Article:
A skua in flight. Photo: Anthony Powell/Antarctica New Zealand
Professor Craig Cary wasn’t planning to spend part of his 2022/23 Antarctic deployment trekking around a penguin colony, collecting poo samples. Fortunately for the penguins, a rapid response to the threat of bird flu resulted in exactly that.
With support from The University of Waikato (UOW) Environmental Research Institute (ERI) and Antarctica New Zealand, ASP researcher Professor Cary undertook a world first survey for bird flu in Victoria Land.
In mid 2022 the Scientific Committee on Antarctic (SCAR) sounded the alarm to scientists and other operators in Antarctica, of an impending threat from the North – the highly contagious bird flu - avian influenza H5N1. The virus has the potential to seriously undermine penguin colonies and Antarctic ecosystems, already under stress from climate change.
“Can we tolerate the possible loss of an iconic species? I think it’s encoded in human DNA, that we’re global stewards … It’s rare to get to do something at this level of potential importance,” Professor Cary says.
From early 2022 scientists have been tracking the increasing intensity of H5N1 outbreaks. Hundreds of thousands of seabirds have died and an estimated 140 million farmed birds have been culled. The zoonotic virus can cross to multiple species — thousands of sea lion deaths have been recorded in Peru and there are fears the virus is to blame for high numbers of seal deaths in Canada.
“Skua arrival at Cape Adare coincides with penguin breeding season and the Cape is home to one of the largest Adelie penguin breeding areas in the world,” Professor Cary says.
The virus spreads through contact with infected individuals and poo. The colony is high risk for disease spread because of the density of population and notoriously grubby habits of the Adelie penguin. These ‘champion pooers’ with a projectile pooing technique cover their rookery in sticky poo, then toddle through it, to feed from the pack ice.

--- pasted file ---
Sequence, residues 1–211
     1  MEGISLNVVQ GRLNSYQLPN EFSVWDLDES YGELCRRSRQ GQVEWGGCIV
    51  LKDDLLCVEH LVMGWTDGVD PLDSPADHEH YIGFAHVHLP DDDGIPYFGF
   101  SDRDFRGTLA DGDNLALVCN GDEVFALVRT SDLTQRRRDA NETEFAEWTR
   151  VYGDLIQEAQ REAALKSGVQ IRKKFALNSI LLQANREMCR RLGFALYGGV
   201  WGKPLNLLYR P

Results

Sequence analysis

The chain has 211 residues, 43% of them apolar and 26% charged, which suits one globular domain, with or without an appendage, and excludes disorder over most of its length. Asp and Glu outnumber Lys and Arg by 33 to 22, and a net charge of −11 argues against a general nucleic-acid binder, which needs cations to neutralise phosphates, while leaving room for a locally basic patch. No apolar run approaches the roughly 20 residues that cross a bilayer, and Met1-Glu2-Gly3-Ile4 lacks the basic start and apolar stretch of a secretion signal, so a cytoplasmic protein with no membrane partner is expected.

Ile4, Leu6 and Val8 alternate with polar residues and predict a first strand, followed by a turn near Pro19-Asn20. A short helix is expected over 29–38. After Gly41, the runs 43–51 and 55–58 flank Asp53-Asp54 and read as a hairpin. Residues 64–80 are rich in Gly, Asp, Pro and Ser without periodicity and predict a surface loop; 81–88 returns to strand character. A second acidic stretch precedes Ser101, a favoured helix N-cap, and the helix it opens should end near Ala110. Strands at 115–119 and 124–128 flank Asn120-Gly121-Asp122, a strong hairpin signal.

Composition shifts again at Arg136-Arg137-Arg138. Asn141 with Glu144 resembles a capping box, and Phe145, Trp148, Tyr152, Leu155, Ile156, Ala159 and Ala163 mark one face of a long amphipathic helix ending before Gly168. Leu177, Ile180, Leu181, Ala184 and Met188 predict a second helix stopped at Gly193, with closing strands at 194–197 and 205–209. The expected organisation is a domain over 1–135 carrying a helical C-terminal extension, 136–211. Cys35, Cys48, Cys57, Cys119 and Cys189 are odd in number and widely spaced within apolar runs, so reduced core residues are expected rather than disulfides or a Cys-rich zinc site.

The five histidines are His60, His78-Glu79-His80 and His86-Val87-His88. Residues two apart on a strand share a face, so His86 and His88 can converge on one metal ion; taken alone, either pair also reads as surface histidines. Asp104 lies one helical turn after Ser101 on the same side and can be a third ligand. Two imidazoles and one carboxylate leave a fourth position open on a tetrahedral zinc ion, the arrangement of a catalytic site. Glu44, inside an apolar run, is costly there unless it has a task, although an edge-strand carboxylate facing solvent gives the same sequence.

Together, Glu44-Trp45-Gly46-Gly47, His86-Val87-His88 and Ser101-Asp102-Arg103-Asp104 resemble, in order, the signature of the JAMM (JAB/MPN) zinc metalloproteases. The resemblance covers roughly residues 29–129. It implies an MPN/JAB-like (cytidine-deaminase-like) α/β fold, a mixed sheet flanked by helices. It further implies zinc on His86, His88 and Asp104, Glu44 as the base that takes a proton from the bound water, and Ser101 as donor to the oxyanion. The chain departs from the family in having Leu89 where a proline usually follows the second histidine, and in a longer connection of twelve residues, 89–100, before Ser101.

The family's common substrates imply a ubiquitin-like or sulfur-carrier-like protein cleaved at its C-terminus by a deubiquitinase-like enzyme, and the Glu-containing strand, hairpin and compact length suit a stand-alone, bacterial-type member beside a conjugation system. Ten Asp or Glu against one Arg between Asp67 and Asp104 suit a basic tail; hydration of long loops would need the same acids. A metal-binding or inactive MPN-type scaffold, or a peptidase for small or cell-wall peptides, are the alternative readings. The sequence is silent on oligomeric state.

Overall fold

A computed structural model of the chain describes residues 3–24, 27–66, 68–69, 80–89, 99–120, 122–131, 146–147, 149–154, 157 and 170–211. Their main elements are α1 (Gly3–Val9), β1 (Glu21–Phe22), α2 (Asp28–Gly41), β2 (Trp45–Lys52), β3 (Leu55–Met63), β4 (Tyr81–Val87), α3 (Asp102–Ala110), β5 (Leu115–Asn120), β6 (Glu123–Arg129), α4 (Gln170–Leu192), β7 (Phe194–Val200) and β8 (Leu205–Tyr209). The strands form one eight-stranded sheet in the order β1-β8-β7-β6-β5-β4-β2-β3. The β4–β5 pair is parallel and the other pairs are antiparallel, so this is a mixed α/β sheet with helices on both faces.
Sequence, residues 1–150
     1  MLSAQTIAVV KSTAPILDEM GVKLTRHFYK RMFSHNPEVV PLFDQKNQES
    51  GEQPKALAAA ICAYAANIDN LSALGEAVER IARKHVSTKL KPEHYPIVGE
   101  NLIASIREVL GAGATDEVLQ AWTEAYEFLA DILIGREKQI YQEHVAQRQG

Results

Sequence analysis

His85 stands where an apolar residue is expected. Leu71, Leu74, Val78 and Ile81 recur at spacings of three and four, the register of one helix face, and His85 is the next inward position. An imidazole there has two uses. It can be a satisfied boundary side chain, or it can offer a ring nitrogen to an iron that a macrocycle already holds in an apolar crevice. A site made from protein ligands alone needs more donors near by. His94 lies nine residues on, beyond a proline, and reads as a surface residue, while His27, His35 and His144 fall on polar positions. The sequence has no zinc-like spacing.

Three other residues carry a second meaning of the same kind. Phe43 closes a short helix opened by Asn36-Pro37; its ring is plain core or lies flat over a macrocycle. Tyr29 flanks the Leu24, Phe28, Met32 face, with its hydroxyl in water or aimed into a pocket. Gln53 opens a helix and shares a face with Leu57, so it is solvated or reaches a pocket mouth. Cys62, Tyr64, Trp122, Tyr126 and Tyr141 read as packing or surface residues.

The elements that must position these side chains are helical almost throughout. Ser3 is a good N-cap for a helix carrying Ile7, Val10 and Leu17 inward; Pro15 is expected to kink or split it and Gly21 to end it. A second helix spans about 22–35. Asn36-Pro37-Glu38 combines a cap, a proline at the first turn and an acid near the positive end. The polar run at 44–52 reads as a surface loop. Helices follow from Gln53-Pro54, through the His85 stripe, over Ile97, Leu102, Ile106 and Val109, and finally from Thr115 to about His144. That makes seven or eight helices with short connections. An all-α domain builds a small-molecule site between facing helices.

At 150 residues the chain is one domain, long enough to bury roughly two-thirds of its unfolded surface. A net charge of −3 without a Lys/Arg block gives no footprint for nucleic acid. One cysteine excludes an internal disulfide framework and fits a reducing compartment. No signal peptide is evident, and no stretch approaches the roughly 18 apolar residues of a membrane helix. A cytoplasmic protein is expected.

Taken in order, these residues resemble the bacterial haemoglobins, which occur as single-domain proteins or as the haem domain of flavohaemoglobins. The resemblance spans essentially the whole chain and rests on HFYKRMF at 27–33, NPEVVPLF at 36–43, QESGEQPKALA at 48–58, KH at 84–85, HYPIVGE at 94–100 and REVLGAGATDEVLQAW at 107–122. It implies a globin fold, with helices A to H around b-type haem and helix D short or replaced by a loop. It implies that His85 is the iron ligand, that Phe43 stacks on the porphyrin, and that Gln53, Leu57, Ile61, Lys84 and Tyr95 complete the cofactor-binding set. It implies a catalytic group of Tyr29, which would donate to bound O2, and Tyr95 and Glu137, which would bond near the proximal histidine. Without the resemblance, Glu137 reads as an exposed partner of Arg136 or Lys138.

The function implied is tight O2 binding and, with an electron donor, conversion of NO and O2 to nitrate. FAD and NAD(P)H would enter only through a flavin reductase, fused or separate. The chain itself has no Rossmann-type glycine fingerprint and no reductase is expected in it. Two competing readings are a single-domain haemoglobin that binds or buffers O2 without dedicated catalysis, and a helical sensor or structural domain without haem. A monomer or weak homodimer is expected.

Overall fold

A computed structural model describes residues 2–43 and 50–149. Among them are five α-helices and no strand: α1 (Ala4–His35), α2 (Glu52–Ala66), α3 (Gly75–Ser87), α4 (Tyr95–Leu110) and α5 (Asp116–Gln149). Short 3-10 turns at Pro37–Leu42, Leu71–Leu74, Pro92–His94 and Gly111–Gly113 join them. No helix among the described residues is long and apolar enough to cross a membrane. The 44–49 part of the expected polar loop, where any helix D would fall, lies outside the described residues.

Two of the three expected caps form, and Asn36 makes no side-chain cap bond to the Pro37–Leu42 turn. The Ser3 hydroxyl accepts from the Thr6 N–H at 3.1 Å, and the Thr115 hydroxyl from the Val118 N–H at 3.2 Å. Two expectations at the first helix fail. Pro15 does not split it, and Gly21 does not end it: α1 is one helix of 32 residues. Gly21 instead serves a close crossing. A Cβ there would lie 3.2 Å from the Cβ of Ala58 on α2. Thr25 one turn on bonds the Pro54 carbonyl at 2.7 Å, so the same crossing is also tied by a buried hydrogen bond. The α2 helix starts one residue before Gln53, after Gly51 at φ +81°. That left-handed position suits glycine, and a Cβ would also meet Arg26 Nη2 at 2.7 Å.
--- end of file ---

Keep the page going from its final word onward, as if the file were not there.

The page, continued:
Professor Cary is no stranger to penguin poo. A microbial ecologist, Director of the International Centre for Terrestrial Antarctic Research, and ERI steering group member, he has extensive experience of the world's most extreme environments. In Antarctica, he’s studied microbial communities in soil, ice, and penguin guano (poo).
Professor Cary joined an Antarctic Heritage Trust crew headed to Cape Adare for hut repairs.
He monitored a colony of one million Adelie penguins, trekking nine hours in and around the colony to look for signs of infection. No dead birds or H5N1 symptomatic behaviours were observed. He collected 100 fresh poo samples, each from a single separated sub-colony – these are now in a freezer at his UOW lab, awaiting analysis.
The survey will help detect H5N1 in Antarctica – a rapid response will be vital to slow the disease and any cross species infection. Professor Cary cautions that this is only one survey of one colony and many more need monitoring.
“My hope is to initiate an international effort involving all the Antarctic National Programmes in the Ross Sea region to collectively visit, observe and sample select colonies so that we get the coverage needed.”
There are mitigation possibilities being explored, including existing and newly developed vaccines. “Right now, we must be prepared for what is inevitable and look at every possible mitigation strategy being used off continent,” Professor Cary says.
No H5N1 symptomatic behaviours were observed. Photo: Anthony Powell